And if you can afford to you put all your domestic bills into the automatic payment system at the bank you will never have to mess with that stuff ever again. You start to design your life with you in the center like a general at a military headquarters, you make everyone come to you whenever possible and you stand in the middle in a Zen-like stance in your minimal-movement-mode as much of the time as you can.
If you have a job your time is not entirely your own but you can still put minimal movement into the work you do and get more done with less effort and time. Essentially you should think about guarding your kilojoules of energy—heat. You should not become exhausted after a day's work as your function in working it to provide you with a nice life. If work destroys your heat so that you collapse in a heap you've lost the plot a bit. Insist on minimal movement with the people you work with. Require them to be brief and precise and stop them when they want to waffle and waste your time.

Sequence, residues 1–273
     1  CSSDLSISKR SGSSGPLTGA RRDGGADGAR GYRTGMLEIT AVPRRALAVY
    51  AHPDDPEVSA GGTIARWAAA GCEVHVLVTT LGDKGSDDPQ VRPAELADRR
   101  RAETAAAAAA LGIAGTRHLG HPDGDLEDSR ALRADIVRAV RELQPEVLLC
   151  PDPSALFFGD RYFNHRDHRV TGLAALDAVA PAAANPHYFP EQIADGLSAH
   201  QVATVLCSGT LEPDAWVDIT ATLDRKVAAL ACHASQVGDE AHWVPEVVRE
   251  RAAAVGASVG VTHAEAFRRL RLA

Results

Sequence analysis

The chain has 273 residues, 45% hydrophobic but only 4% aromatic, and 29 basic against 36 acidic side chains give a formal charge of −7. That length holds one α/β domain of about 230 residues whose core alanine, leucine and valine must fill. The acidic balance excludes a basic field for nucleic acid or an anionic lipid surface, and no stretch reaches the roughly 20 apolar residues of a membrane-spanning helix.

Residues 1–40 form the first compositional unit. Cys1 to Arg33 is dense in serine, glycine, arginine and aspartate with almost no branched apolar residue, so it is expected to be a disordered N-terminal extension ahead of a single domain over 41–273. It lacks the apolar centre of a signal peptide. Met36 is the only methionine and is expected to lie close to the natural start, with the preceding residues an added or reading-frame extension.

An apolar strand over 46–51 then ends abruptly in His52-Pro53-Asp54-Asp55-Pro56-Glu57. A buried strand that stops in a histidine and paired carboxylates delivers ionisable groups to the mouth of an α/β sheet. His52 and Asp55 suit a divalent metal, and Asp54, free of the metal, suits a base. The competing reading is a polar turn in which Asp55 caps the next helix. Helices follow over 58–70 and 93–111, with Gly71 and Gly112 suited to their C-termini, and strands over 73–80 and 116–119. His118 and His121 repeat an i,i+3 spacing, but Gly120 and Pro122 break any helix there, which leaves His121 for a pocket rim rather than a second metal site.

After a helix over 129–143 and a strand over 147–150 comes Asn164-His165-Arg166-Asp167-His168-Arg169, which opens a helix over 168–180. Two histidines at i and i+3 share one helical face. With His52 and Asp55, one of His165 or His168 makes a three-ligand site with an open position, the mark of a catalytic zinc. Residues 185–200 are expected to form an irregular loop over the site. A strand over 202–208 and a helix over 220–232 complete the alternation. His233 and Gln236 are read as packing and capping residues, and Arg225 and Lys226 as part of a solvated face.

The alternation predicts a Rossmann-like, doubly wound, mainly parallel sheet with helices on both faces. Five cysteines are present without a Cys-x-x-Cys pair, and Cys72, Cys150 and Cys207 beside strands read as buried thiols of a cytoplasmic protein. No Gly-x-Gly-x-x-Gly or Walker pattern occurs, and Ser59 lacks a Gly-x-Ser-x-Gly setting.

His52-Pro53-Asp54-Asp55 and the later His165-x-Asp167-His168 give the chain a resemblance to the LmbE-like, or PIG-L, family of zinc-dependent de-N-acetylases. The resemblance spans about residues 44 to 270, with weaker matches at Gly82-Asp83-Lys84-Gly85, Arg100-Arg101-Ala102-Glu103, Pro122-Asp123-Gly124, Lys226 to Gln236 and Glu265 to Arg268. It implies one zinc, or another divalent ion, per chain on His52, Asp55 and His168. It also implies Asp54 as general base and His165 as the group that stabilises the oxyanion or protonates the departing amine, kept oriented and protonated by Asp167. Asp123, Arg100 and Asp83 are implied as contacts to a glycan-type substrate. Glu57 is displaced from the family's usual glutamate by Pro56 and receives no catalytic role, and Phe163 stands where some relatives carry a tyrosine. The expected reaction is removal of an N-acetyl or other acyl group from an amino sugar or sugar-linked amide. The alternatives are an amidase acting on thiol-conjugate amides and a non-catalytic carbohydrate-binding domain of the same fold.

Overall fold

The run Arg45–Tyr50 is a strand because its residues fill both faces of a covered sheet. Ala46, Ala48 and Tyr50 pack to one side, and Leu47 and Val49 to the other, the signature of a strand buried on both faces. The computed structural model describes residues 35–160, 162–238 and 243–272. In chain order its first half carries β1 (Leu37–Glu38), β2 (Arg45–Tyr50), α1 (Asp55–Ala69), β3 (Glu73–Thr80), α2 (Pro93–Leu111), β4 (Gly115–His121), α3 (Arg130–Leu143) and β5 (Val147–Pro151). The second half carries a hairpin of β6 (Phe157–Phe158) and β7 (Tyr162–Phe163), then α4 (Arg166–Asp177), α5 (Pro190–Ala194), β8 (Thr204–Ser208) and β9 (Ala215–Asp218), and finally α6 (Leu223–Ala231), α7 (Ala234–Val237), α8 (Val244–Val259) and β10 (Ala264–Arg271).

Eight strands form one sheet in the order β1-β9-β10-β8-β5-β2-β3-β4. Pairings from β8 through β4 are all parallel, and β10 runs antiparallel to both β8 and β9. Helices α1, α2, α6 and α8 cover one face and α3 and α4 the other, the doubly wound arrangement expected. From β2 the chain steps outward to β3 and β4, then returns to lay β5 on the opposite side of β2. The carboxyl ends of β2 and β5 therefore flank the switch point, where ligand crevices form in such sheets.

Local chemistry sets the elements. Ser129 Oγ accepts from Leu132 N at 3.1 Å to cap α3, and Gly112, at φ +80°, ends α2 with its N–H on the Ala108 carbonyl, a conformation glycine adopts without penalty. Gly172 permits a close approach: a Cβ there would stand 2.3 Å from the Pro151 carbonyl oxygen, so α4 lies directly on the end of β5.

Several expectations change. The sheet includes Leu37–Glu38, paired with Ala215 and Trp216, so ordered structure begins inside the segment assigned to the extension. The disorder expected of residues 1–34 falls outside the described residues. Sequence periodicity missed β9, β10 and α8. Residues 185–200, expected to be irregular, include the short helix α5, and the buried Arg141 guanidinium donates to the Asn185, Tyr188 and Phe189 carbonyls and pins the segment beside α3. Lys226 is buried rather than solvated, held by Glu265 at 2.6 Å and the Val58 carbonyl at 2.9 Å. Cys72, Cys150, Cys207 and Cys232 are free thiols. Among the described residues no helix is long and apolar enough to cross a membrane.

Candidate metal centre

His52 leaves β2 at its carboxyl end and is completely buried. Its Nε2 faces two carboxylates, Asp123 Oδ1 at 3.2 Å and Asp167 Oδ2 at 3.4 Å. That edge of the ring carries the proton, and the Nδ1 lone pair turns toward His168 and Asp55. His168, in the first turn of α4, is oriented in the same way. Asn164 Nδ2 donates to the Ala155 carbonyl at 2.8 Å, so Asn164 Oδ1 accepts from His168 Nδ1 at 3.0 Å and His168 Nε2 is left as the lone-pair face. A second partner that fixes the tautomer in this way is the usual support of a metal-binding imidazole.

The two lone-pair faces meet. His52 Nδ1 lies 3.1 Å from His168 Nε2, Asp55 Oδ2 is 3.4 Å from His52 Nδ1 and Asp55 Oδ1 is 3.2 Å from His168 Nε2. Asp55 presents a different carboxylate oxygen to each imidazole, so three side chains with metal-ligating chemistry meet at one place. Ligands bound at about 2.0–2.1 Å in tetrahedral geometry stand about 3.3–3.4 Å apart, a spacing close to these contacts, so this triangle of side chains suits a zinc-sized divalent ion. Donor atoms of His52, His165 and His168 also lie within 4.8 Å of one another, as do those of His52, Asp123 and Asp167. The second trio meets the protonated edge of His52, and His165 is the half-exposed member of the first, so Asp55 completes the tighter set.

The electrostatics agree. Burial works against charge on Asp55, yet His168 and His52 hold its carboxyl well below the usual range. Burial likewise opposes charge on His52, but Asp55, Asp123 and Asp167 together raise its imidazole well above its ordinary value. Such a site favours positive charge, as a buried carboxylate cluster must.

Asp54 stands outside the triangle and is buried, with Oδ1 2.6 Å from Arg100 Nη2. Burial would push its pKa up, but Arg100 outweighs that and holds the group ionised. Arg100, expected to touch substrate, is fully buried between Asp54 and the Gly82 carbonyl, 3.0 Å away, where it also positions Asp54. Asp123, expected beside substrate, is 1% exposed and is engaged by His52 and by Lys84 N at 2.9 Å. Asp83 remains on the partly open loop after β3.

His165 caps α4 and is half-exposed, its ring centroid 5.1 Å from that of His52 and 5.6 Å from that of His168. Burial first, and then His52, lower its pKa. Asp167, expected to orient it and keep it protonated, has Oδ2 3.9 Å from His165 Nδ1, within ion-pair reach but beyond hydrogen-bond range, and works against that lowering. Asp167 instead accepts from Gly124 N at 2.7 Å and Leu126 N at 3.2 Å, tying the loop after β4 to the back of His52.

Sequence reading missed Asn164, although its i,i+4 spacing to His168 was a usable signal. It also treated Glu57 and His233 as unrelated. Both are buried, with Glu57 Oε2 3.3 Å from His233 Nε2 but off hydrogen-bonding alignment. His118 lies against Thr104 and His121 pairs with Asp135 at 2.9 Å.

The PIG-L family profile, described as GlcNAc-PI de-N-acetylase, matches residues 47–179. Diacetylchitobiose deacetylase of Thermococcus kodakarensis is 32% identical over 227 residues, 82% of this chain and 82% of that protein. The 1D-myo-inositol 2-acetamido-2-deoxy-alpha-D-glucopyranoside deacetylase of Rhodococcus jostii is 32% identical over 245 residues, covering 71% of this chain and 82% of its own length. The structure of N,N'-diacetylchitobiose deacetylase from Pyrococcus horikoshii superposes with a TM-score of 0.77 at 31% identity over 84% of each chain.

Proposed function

What is it?
If you rise one hour earlier each day and you go to bed one hour later by that's seven hundred and thirty hours extra each year, the equivalent of thirty days a year or one extra month—amazing. You can have the equivalent of thirteen months in every year but just altering how long you sleep and when you rise.
Now is certainly the only time you have got, an extra thirty days of 'now' is a valuable asset.
Stuart Wilde is the author of 20 books,
including The Art of Redemption, Grace, Gaia, and the End of Days;and
many self-help titles such as Life Was Never Meant to Be a Struggle,
The Little Money Bible, The Quickening, Silent Power, Whispering Winds
of Change, and Infinite
Related Article: How to Get More Done in Much Less Time